This morning Carter went in for his 6th month check-up. I had been waiting for this appointment for a week considering all of the food allergy issues that were going on. We had a lot to talk about and I was anxious to get everything straightened out.
He was weighed and measured by the nurse. He measured 25 3/4 inches long (20%), weighed 13 pounds, 11 ounces (less than 3%) and his head was 16 1/2 inches (8%). When the Doctor came in, we talked about his growth and she wasn't concerned in the least. She said that he was measuring similar to what Logan did at this age (although his stats in their office start at 9 months). She said that he was beginning to slow down, but that was to be expected at this age. He looks very healthy and has some sort of chub on his arms and legs and he even has wrist lines. She shrugged her shoulders and said that breast fed babies aren't well represented on the growth charts. This was a relief since my initial reaction after the nurse took his measurements was a drop in my stomach, worried that he wasn't eating enough again.
We went over his food reactions and have a slower plan to go with. Rather than using the every three day rule before introducing a new food, we're going every week to two weeks. He's back on rice cereal and then we'll start with yellow and orange vegetables first. I'm adding banana to the list of possible food allergies and when he's a year old, we will discuss going in for allergy testing. But, at this point any testing is going to be inconclusive and a waste of effort and money.
After that, she went over his developmental milestones saying that he passed with flying colors. I was a bit concerned about his gross motor skills since he's not really moving too terribly much, but I suppose this is in comparison to Logan, who apparently was very physically advanced. The boy was crawling at 6 months and Carter isn't even rolling yet (a few times, but not across the room like Logan did). However, Carter is quite strong so there's nothing to worry about. He's just content to lay there and kick around.
The last topic of discussion was vaccinations. Prior to dealing with his Raynaud's, weight issues and food allergies, I was somewhat open to starting a single dose, selective plan. How quickly that all changed after witnessing Carter's body not functioning quite like it should. Those were major red flags for me and enough to not start any vaccinations at all. If his body is hyper-reactive to being cold and eating food, what's not to say he'll have a more severe reaction to chemicals? Add the family history in the mix and that's where I draw the line. I have to trust my gut, because I didn't with Logan (more than once) and he suffered from that.
So, she and I talked at length about it. She gave me the medical reasoning, but never pushed me into a decision. I thought long and hard about it, my eyes welling up with tears because of all of the parenting decisions I have to make, this is by far the most difficult. I think she understands that, thus why she doesn't push me. When talking about what vaccination she recommends the most, Hib is her number one priority. Logan had a mild reaction to this vaccination. So, my stomach turned even more and tears rolled down my cheeks. This issue is so heavy for me because I feel like I can't protect my kids either way. I'm damned if I do, I'm damned if I don't. I feel like a schmuck with whatever decision I make - if they contract a vaccine preventable disease or have yet another adverse reaction. For me, it's a no win situation.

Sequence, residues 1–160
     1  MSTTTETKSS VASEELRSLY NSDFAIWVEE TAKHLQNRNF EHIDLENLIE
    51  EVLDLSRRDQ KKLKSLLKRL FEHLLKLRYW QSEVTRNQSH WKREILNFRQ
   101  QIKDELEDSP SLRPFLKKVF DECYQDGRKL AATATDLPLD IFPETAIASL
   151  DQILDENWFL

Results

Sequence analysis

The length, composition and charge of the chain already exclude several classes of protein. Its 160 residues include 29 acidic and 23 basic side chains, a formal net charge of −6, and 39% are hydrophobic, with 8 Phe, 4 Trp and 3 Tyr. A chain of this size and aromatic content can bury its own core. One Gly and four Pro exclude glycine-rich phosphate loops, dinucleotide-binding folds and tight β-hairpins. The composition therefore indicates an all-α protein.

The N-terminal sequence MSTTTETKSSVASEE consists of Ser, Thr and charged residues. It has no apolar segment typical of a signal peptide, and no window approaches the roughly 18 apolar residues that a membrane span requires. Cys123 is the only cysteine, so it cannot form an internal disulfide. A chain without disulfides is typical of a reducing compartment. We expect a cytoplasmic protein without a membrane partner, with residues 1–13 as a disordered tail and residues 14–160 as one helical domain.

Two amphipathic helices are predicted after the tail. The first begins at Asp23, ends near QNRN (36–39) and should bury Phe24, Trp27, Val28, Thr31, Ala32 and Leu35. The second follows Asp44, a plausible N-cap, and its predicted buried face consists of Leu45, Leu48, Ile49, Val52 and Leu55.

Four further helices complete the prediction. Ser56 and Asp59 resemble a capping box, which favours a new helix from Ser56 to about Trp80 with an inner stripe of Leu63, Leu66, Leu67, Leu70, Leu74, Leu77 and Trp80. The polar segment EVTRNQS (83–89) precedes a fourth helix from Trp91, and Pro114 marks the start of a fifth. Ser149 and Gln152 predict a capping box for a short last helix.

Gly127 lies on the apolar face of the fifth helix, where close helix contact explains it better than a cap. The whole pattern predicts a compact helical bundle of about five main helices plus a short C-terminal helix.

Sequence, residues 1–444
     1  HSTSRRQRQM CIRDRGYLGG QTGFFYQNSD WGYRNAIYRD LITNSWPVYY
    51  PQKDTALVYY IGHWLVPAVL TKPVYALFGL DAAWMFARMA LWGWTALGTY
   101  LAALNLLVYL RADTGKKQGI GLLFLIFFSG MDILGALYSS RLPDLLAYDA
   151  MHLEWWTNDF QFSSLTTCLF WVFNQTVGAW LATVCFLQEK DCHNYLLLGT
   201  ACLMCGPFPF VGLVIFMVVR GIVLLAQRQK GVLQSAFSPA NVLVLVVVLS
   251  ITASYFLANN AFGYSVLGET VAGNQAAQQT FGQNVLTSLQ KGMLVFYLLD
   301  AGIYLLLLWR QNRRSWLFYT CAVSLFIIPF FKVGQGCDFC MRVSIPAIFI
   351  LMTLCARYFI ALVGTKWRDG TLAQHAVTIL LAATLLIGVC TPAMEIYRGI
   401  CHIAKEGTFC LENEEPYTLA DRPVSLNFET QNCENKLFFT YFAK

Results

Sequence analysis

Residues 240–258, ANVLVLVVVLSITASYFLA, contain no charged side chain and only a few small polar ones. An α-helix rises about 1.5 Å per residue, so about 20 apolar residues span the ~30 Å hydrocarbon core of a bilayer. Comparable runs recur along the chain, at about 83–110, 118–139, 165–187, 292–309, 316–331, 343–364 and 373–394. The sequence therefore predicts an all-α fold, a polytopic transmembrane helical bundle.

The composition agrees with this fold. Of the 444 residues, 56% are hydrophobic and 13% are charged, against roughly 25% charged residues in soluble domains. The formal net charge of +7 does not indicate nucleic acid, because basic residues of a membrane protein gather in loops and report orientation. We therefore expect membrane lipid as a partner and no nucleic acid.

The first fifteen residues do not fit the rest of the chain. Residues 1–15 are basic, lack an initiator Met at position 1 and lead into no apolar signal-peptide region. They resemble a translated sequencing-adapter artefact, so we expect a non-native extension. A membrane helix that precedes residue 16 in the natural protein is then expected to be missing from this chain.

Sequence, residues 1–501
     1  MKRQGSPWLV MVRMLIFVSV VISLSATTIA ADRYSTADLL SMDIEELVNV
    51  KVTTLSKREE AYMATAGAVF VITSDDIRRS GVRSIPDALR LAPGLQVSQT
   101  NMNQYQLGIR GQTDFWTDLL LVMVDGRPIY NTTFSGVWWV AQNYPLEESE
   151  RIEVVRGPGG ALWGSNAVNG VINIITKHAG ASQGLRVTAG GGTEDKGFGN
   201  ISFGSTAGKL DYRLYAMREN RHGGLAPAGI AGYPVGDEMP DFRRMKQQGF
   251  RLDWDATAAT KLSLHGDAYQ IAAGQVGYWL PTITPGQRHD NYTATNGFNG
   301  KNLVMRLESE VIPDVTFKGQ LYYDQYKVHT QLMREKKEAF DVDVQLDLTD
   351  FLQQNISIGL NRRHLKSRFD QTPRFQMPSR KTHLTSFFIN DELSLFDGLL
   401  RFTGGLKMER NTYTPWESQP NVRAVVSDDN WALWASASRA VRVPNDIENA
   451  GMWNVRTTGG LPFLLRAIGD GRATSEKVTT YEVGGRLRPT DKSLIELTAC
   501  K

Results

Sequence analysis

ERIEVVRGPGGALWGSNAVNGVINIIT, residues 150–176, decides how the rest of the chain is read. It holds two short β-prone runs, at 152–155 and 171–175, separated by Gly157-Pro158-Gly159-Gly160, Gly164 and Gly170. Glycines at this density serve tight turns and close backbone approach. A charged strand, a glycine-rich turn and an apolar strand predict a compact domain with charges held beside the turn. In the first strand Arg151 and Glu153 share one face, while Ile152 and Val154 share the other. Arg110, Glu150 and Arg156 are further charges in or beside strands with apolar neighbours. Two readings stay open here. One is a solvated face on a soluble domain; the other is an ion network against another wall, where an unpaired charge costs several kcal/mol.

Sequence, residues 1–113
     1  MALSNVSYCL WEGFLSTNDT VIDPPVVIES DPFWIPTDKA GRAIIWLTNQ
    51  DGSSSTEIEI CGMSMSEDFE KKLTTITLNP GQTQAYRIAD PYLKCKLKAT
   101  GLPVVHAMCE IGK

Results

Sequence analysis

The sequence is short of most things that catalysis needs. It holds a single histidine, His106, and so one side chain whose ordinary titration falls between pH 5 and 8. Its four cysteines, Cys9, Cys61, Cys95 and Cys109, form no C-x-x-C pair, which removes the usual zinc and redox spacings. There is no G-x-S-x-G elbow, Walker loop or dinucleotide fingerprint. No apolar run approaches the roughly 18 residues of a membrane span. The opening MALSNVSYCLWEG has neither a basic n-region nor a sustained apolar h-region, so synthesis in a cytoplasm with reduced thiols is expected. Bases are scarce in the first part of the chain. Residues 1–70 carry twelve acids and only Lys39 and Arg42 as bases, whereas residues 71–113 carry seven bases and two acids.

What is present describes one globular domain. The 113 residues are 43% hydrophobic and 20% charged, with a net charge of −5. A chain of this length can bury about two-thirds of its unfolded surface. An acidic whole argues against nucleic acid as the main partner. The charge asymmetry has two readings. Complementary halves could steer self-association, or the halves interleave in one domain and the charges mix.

It's even more difficult when you are having the discussion about the fatality of a disease in relation to your children. When the Doctor says, "this is an important vaccination because if he contracts Hib, every Doctor, no matter how good they are, doesn't think the child will make it or will have severe permanent injuries if they do survive". Then in the same conversation, "there's nothing we can do if he has an adverse reaction. The only thing we can give him is Benadryl for hives and rashes, Motrin for fevers and swelling and heavy steroids if it gets out of control. Once an adverse reaction starts, there's no stopping it. And I'm not going to say that there are not vaccine injuries out there, because there are".
It kills me. It is a gut wrenching predicament and I cry every single time I'm faced with making a decision.
The appointment ended with her telling me not to make a decision right then, to go home and think about it. This is why I really like her. She does fulfill her medical professionals obligation by informing me of all of the possibilities and consequences, but she knows how I feel and sympathizes. Unlike many other non-vaccinating parents out there, I don't think I'll ever have to worry about being kicked out of the practice for going against the CDC guidelines. Unless something else happens (God forbid) we won't have to go back for a while.